The global economy loses $114 billion a year because people can’t find a toilet

The global economy loses $114 billion a year because people can’t find a toilet
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It’s World Toilet Day, which means it’s time to face the fact that 35% of the world’s population—2.5 billion people—lack access to safe, clean toilets. This isn’t just a humanitarian or public health catastrophe. Global businesses should find this alarming, too. That lack of toilets and proper sanitation are draining $260 billion off the global economy each year.

The biggest source of economic losses related to toilets is something much more mundane than health care costs or work hours lost due to fecal-borne illness. It’s that people have to spend a long time finding a place to relieve themselves in private. The World Bank estimates that making clean toilets universally available would generate $220 billion in economic benefits (pdf, p.5) each year. Some $114 billion would come from the value of time people don’t spend hunting for toilets.

Based on 2010 data.​
Based on 2010 data.​

In places without safe, clean toilets, the average person spends at a minimum half an hour a day trying to find a private place to relieve himself, says the World Health Organization. That adds up to 7.6 days a year. It costs India—which in some areas has only 30 or 40 toilets for 29,000 people—around $10.7 billion a year.

Of course, the diseases that blossom around cesspits are sapping billions of dollars off the world economy, too. Dirty toilets and poor sanitation cause 88% of global diarrhea cases (pdf, p.16), according to the World Health Organization.

A Nigerian child squats by an open sewer in the neighbourhood of Isale-Eko in central Lagos, April 14, 2007. With unrivalled funds and powers of incumbency, analysts say Nigeria's People's Democratic Party should coast to victory in elections that began in Africa's most populous nation on Saturday. But endemic corruption, failure to deliver basic services and deteriorating security have boosted the chances of the opposition in many states. REUTERS/Finbarr O'Reilly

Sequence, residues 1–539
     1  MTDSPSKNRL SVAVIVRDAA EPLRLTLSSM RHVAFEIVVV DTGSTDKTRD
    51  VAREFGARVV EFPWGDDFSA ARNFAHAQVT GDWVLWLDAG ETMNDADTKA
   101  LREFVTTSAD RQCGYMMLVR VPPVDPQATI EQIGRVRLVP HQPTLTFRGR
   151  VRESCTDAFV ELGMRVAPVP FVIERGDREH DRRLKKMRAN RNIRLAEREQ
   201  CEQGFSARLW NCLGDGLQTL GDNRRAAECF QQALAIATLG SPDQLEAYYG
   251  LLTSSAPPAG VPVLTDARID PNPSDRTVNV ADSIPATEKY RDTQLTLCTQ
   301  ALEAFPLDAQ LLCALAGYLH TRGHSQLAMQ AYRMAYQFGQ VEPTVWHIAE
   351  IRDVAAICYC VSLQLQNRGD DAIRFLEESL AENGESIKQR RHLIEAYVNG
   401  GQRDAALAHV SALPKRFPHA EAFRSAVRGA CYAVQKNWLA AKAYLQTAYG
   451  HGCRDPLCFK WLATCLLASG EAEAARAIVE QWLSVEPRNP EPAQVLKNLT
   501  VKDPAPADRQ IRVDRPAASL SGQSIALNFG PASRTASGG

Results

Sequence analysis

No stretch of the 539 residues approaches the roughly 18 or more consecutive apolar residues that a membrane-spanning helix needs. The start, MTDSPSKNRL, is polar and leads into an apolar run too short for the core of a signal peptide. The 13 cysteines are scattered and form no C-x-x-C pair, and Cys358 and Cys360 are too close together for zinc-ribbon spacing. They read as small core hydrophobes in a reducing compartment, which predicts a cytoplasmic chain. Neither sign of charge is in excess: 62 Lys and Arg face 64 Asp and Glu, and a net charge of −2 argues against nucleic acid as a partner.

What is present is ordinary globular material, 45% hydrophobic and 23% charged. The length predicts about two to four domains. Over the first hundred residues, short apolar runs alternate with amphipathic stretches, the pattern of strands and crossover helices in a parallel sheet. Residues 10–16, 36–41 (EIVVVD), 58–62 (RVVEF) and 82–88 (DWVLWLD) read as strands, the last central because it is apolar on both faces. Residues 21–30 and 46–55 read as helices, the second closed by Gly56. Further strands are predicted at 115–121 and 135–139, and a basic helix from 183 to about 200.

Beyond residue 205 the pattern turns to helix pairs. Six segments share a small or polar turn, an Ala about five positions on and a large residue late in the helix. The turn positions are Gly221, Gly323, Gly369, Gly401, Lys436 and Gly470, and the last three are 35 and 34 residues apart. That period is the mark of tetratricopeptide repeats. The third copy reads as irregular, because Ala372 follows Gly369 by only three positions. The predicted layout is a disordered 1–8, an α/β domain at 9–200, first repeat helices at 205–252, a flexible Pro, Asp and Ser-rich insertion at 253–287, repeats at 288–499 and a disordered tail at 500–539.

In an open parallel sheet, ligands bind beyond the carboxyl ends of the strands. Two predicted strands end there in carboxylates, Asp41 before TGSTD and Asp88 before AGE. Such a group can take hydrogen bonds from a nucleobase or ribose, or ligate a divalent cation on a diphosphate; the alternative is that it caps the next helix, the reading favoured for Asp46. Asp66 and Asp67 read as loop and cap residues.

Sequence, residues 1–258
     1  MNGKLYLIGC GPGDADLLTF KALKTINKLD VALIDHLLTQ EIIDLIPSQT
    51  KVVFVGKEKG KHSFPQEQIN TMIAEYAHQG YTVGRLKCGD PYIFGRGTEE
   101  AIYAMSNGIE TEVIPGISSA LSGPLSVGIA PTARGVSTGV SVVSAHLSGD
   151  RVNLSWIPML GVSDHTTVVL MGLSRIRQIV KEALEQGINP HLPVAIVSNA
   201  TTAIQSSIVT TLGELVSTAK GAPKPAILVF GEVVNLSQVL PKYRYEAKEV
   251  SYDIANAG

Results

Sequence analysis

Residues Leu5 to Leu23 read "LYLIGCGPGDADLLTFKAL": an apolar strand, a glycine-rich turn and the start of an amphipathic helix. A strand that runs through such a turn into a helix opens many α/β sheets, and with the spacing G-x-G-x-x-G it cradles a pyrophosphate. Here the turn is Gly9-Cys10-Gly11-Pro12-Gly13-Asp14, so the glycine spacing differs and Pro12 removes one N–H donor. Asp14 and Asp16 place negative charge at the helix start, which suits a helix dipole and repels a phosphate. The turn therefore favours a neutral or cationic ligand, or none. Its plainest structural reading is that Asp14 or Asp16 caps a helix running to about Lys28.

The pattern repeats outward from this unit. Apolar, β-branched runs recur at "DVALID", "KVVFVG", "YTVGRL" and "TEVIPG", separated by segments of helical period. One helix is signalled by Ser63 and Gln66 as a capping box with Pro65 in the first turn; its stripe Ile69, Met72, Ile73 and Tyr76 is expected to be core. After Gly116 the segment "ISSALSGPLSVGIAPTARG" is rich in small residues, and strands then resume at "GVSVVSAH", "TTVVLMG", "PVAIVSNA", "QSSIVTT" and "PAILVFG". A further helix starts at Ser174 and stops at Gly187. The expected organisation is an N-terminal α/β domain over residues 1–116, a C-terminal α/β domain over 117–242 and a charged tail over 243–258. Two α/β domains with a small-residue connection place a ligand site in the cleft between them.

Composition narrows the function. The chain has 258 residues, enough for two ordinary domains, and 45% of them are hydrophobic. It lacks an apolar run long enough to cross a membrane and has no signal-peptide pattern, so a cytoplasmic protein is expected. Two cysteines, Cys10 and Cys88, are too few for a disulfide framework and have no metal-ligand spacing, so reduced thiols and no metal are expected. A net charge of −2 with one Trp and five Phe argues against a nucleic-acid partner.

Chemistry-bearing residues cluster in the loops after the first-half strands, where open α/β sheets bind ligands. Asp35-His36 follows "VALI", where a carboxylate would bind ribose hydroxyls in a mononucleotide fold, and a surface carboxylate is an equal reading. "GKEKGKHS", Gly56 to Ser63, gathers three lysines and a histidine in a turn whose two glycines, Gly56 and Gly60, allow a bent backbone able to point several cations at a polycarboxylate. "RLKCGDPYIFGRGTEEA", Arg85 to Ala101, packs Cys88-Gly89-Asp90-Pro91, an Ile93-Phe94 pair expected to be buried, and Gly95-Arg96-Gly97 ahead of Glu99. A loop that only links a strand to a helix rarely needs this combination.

You’d be bummed out by this open sewer, too.
Image: Reuters/Finbarr O'Reilly

Some 1.9 million people die from preventable diarrheal diseases, more than HIV/AIDS (though in the poorest countries, the comparative mortality rates are about even). And poor sanitation, as well as a lack of hand-washing facilities, is a major cause of diseases like cholera, which kills between 100,000 and 120,000 people a year. Child mortality rates are particularly grim. Some 800,000 children die each year from diarrhea largely caused by poor sanitation—nearly 2,200 a day. Addressing those problems would slash around $15 billion a year in health care costs, according to the World Bank.

Rampant sickness also results in crushing productivity losses. Providing universal safe, clean toilets and water would restore around $12 billion in productivity lost each year due to preventable deaths, reports the World Bank. By adding 12 billion working days a year lost when sick workers take the day off, universal access to clean toilets and water would save up to $8.3 billion a year.

The toilet shortage is also making people in poor countries dumber. Each year, 500 million people are infected by whipworms from ingesting fecal matter in soil, water and vegetables. Every incidence of infection shaves an average 3.75 points off someone’s IQ—which adds up to a combined loss of 1.9 billion IQ points each year. What’s more, children would attend 443 million more school days a year if they weren’t constantly afflicted with diarrhea.